When 3 Muppet fans learn that Tex Richman wants to drill under the Muppet Theater for oil, Gary, Mary and Walter set out to find the Muppets who have been split up for years so that they can put on one last show and save the Muppet Theater. Kermit the Frog now lives in his own mansion depressed in Hollywood, 'The Great Gonzo' is a high class plumber at Gonzo's Royal Flush, Fozzie Bear performs with a tribute band called The Moopets, Miss Piggy is the plus-size fashion editor at Vogue Paris, and Animal is at a celebrity anger management rehab center in Santa Barbara.Written by
When The Muppets, Gary and Mary are about to drive to France, Gary and Mary are sitting on opposite sides of the back seat, but when the car comes out of the water, they have switched places. See more »
That's me, Walter.
[having a water gun duel with Gary]
Where'd - Where'd you go? Oh, there you are.
I have the best life in the whole world.
[Walter laughs as he squirts Gary]
That's my brother, Gary. He's the best friend you could ever have.
[Gary and Walter have their measurements marked in the doorway with a pencil]
Yeah, I know what you're thinking: We could be twins.
Here's where we live: Smalltown... the best town you could ever grow up in.
Gary and I did everything ...
[...] See more »
The credits feature the cameo celebrities singing "Mahna Mahna" with their Muppet co-stars. See more »
"If you're going to see The Muppets you've got to seem them in the theater." "Yeah, you don't want to let 'em into your home!" - Statler and Waldorf.
For the last two months of attending films an ad has preceded each movie. Instead of the obligatory "please don't spoil the movie by adding your own soundtrack" narration a cute, lively, spontaneous Muppet skit was shown where Kermit the Frog and Miss Piggy were trying to attend a peaceful movie with the remainder of the Muppet characters making loud and disruptive noises. At the end, the quote above was said by Statler and Waldorf, and it will forever sum up my thoughts on the film.
To effectively experience the rambunctious Muppets, you should see their liveliness in the theater. It seems a screen as big as a theater's can't contain their actions. But I'm sure that once The Muppets hits DVD and Blu-Ray many parents will be forced to watch the film again and again on replay. It's a better choice than Diary of a Wimpy Kid or Zookeeper for sure.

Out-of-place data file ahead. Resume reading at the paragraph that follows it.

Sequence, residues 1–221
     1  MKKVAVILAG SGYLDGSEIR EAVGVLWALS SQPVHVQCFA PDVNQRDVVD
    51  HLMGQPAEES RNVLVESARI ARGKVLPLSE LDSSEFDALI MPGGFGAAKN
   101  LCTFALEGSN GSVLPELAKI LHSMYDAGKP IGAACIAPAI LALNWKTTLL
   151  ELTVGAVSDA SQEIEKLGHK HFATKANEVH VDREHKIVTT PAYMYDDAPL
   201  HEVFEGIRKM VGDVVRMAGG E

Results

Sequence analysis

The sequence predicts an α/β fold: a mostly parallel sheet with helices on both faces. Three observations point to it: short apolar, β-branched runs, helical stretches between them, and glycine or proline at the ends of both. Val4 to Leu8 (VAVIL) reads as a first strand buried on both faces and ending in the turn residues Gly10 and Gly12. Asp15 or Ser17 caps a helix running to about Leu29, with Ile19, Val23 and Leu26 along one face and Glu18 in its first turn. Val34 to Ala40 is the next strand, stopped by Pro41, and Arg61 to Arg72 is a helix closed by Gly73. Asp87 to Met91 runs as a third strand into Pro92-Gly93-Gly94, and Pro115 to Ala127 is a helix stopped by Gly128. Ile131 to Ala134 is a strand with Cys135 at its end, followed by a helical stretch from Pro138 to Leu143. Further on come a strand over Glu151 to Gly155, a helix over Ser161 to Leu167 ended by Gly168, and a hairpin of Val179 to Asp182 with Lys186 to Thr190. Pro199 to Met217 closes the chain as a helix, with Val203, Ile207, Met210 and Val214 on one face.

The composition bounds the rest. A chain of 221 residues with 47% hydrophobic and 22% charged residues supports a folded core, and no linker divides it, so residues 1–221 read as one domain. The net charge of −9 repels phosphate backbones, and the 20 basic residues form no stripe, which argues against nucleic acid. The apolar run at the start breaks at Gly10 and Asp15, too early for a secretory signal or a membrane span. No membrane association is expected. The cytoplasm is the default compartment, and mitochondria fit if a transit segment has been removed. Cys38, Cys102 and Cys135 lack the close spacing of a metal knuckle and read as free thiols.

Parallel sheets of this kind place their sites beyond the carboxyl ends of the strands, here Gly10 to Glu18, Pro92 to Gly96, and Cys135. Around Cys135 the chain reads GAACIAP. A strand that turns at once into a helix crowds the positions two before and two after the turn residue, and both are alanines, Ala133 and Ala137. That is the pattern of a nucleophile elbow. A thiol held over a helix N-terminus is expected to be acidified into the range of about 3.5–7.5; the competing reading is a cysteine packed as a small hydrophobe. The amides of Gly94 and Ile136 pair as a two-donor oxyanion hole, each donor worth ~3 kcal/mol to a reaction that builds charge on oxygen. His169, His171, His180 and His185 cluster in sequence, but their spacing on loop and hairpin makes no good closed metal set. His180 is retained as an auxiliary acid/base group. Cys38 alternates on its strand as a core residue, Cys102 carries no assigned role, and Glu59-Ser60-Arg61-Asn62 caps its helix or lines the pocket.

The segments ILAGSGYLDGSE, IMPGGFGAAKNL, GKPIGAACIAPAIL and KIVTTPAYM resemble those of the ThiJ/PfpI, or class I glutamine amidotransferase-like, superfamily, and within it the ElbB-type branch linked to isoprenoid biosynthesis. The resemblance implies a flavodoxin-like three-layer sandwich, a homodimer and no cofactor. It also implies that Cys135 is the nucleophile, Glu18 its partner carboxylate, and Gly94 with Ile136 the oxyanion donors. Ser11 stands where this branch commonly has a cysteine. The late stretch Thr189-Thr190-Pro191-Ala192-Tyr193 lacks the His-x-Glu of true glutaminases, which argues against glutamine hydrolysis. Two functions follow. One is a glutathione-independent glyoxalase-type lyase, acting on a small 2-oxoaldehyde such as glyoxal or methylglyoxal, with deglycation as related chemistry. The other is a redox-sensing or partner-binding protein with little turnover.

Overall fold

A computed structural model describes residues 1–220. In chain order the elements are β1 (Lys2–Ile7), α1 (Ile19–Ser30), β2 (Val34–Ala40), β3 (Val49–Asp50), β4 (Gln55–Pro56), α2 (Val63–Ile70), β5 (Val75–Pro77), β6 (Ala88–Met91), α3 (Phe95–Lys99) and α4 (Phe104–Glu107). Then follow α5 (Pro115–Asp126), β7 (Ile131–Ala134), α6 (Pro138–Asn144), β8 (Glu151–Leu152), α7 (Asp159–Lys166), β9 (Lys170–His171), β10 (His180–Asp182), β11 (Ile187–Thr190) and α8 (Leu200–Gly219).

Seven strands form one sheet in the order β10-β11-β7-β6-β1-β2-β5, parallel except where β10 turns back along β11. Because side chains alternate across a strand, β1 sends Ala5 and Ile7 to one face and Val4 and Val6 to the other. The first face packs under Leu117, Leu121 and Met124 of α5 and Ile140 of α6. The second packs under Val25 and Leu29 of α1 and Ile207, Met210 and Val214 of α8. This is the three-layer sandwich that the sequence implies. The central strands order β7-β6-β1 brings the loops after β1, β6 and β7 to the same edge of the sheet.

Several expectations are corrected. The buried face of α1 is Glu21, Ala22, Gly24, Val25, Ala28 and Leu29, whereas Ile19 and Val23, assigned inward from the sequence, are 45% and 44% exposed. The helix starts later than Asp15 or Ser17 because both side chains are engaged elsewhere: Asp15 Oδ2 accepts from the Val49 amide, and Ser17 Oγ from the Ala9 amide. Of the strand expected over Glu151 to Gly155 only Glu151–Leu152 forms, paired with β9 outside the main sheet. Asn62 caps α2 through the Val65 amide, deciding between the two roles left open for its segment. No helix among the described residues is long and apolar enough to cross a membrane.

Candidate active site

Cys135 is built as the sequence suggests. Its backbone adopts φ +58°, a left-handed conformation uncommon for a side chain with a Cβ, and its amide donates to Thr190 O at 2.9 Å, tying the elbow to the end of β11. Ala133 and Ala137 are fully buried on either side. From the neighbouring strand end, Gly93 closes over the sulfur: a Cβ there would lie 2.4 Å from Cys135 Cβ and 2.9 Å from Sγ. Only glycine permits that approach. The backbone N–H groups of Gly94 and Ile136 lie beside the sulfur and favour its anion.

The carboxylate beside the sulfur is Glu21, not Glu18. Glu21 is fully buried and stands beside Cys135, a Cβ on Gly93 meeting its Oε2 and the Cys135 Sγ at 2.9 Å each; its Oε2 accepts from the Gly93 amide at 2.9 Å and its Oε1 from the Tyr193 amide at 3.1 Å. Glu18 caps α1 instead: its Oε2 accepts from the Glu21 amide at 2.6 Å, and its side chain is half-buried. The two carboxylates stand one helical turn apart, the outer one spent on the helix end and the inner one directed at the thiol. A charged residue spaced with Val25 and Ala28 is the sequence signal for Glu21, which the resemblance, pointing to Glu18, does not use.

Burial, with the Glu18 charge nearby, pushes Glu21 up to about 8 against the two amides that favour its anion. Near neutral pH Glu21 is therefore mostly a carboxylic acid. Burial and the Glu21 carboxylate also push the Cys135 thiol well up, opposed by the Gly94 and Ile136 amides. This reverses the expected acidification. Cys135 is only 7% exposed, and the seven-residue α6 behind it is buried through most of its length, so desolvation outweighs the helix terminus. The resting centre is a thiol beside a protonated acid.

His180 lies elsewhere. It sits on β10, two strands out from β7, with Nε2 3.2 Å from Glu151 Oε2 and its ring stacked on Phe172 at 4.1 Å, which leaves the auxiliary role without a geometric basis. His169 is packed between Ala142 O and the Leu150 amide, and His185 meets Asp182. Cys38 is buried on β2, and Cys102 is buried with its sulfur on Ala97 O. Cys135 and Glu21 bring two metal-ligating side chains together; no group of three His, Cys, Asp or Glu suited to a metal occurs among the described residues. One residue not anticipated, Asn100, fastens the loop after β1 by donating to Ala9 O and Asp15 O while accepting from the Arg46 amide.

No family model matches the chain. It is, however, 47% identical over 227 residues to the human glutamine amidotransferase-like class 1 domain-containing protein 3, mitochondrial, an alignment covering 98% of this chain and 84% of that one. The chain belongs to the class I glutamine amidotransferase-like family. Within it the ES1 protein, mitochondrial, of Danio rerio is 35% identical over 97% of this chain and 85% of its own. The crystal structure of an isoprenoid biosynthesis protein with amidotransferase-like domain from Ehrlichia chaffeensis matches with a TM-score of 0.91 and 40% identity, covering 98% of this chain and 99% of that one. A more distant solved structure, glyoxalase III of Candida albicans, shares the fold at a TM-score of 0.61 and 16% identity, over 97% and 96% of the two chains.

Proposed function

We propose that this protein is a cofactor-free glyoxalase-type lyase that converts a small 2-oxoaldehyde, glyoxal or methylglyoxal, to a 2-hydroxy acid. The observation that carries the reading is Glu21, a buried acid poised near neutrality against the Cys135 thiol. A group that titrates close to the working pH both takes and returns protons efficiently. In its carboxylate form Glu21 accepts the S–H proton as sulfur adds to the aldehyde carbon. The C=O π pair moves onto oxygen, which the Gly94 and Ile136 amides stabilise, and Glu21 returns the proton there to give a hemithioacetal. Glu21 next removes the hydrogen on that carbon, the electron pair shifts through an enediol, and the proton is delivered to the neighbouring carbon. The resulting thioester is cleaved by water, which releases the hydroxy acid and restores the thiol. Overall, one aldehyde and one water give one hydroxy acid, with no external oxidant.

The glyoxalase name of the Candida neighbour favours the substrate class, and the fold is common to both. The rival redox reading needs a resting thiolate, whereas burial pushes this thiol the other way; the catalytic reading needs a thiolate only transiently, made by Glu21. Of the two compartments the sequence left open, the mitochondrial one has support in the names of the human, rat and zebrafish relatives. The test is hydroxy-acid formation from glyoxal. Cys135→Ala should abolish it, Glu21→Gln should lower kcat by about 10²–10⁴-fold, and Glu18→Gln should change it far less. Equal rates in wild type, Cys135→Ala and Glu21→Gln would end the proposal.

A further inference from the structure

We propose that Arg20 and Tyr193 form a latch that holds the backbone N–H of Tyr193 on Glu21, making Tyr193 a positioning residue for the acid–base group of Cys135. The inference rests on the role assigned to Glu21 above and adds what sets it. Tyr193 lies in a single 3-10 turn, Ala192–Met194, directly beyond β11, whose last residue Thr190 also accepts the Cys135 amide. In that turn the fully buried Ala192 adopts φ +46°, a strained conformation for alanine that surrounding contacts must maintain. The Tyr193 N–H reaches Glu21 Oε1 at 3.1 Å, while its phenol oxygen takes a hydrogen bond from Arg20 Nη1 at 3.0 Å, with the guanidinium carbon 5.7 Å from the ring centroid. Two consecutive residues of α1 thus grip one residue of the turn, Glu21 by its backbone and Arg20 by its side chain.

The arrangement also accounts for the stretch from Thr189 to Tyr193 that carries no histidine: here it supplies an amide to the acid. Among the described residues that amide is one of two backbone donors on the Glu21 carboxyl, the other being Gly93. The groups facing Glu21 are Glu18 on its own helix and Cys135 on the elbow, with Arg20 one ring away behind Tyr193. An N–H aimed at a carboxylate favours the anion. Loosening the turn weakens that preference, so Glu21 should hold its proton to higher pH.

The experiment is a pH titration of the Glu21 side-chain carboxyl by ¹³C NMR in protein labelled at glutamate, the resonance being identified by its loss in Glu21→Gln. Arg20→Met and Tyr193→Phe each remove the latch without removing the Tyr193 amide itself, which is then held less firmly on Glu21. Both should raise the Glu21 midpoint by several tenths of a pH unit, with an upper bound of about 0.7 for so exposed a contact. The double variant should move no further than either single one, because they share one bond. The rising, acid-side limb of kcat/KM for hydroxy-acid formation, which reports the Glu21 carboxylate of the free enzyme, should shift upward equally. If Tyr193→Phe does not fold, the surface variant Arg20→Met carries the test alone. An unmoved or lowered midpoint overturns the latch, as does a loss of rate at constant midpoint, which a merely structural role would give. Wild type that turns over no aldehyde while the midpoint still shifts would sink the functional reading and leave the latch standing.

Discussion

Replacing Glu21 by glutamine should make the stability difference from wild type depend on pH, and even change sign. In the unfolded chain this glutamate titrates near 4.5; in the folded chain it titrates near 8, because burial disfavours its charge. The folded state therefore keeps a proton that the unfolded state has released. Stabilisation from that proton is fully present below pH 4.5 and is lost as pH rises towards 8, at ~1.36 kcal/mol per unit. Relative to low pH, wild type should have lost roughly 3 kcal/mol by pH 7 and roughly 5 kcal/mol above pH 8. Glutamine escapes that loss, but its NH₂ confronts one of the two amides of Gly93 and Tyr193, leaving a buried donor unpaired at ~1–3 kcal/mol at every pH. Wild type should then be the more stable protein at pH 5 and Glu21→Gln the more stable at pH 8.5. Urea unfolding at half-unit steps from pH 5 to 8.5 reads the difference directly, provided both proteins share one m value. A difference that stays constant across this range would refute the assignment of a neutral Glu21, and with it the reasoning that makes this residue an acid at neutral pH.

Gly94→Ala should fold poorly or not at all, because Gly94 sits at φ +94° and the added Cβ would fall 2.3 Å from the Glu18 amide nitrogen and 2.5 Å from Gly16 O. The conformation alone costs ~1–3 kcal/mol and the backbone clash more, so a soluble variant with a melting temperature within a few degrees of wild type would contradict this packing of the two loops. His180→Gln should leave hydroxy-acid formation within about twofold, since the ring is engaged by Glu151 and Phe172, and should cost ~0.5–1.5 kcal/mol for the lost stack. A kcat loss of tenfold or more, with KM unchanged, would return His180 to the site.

The Muppets is an extremely self-aware revival to a franchise that will never die. Jason Segal, who also worked on the screenplay of the film, clearly is a super-fan of the movies and the Television series and wanted to give the series a much needed return to the big screen. He doesn't try to parody the formula or rework it in any way, but instead glide along with it in hopes of achieving the best film possible. He doesn't put his usual goofball spin on his character he's done in the past.
Set in Smalltown, USA, Gary (Segal) lives with his Muppet-brother Walter (voiced by Peter Linz) and is dating the lovely and adorable Mary (Adams). Walter has grown up with Gary for years, and is one of the biggest Muppet fans of all time (which leads me to believe he is reflecting Segal's personal love for The Muppets). Upon going to The Muppet Theater, Walter overhears Statler, Waldorf, and Tex Richman (Cooper) discussing plans to sell the theater to Tex. But Tex is secretly planning to tear down the theater and drill for oil underneath it.
So the only plausible situation in Walter's head is to talk to Kermit the Frog who appears in a glowing light at the nic of time and convince him to reunite the old Muppet crew to put on a Telethon. Then they're off getting back every character in creative and inventive ways.
In the time of gimmicky and useless 3D madness leaching onto every children's films, here is a movie that doesn't believe it should subject itself to dimming its colors and its actions just to garner in a higher revenue. The Muppets are such an eclectic and effervescent bunch that the 2D world can handle them perfectly fine.
There are a few things that I noticed here and there. The main one is definitely the voices. If you're a Muppet fan, you may be disappointed to notice that voices like Kermit the Frog aren't on par with the voices from the series and the previous films. Still, it doesn't take long before you forget that fact. Also, the lack of cameos astounds me. There are quite a few, but the ones "edited for time constraints" like Danny Trejo, Mila Kunis, Ricky Gervais, George Clooney, Lady Gaga sounded fun and enlightening, but also limitless in possibilities. Of course we do get pleasant cameos like Zach Galifianakis, Jack Black, and Alan Arkin, but it feels like that for once the cameo portion wasn't focused on a lot like in previous Muppet films.
I also have to say I was a little disappointed that popular Muppet characters like Miss Piggy and Kermit the Frog, after all these years, still gets brought to the foreground leaving many secondary characters in search of a time to shine. One character that needed a musical number was the Swedish Chef, personally one of my favorite Muppets next to Statler and Waldorf. The Chef needed at least one musical number, but the film just incorporates him very vaguely and rarely. Along with other Muppet characters like Gonzo and Fozzie Bear.
There is still plenty here for amusement, and The Muppet character never cease to put a smile on your face whether you're old or young. Although targeted to families, I'm not sure many kids would "get" the references, but immediately dive into the bright colors in this unique world. I don't think the film really cares if you get the joke or not. I think the idea is just happy to be back on the screen one more time.
Starring: Jason Segal, Amy Adams, Jack Black, Zach Galifianakis, and Alan Arkin. Directed by: James Bobin.
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